The European Union has reached a data-sharing agreement with Airbnb and other short-term vacation rental platforms, offering new avenues to track their impact on local housing markets, according to TechCrunch.
The commission says the “landmark agreement” will “allow public authorities to better understand the development of the collaborative economy and support evidence-based policies.”
The agreement includes Airbnb, Booking, Expedia Group and TripAdvisor.
The commission says the move will help authorities in Europe promote a more balanced regulatory approach to vacation rentals, amid rising concerns that the rentals are exacerbating housing problems for local communities by crowding out space for long-term occupants, and driving rental prices up.
The platforms will soon begin regularly sharing data on the number of nights booked and number of guests in rentals, to be aggregated by municipality and shared with Eurostat, which will publish the first set of statistics later this year. A later data-sharing phase will include additional types of data, including the number of properties rented, and the proportion that are whole properties versus rooms in occupied properties. This data in particular will help track the impact on housing markets.
“Tourism is a key economic activity in Europe. Short-term accommodation rentals offer convenient solutions for tourists and new sources of revenue for people. At the same time, there are concerns about impact on local communities,” according to Thierry Breton, the European Commissioner for Internal Market and Services.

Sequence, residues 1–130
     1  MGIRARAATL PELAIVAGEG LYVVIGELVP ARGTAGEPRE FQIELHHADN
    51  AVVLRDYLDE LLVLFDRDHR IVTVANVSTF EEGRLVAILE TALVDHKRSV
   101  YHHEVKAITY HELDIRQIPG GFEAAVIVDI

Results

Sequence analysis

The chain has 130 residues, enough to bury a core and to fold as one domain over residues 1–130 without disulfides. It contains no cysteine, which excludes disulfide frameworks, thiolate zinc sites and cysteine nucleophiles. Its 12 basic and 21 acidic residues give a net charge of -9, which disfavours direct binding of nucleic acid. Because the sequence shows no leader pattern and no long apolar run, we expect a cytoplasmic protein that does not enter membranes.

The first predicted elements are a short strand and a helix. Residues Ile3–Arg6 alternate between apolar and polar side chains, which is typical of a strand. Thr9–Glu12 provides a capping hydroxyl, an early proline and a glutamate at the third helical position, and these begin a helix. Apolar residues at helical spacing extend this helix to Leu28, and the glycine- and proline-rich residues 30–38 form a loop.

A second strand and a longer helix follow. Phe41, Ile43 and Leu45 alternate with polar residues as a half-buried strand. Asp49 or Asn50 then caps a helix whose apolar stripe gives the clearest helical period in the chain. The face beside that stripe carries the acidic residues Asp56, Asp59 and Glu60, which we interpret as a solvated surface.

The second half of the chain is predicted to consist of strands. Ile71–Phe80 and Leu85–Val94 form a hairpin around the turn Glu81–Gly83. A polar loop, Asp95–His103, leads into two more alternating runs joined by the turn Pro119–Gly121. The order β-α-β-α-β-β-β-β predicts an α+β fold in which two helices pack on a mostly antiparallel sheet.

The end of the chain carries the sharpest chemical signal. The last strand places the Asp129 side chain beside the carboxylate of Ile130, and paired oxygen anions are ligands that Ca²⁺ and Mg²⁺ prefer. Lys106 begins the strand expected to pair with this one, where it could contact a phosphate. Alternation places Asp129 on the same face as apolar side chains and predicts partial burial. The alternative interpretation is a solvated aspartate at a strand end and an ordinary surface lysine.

“For the first time, we are gaining reliable data that will inform our ongoing discussions with cities across Europe on how to address this new reality in a balanced manner. The Commission will continue to support the great opportunities of the collaborative economy, while helping local communities address the challenges posed by these rapid changes.”
Major European cities including Paris, Amsterdam, Berlin, and Barcelona have made efforts to restrict Airbnb and similar platforms, aiming to limit their impact on communities. But a December ruling by the European Court of Justice designated Airbnb an online platform instead of an estate agent, making it tougher for cities to regulate.
But a new Digital Services Act later this year could open tech platforms to new forms of regulations.
In an open letter to the court before its ruling, ten cities said “a carte blanche for holiday rental platforms is not the solution,” and called for “strong legal obligations for platforms to cooperate with us in registration-schemes and in supplying rental-data per house that is advertised on their platforms.”
Photo by Raysonho @ Open Grid Scheduler / Scalable Grid Engine / CC0
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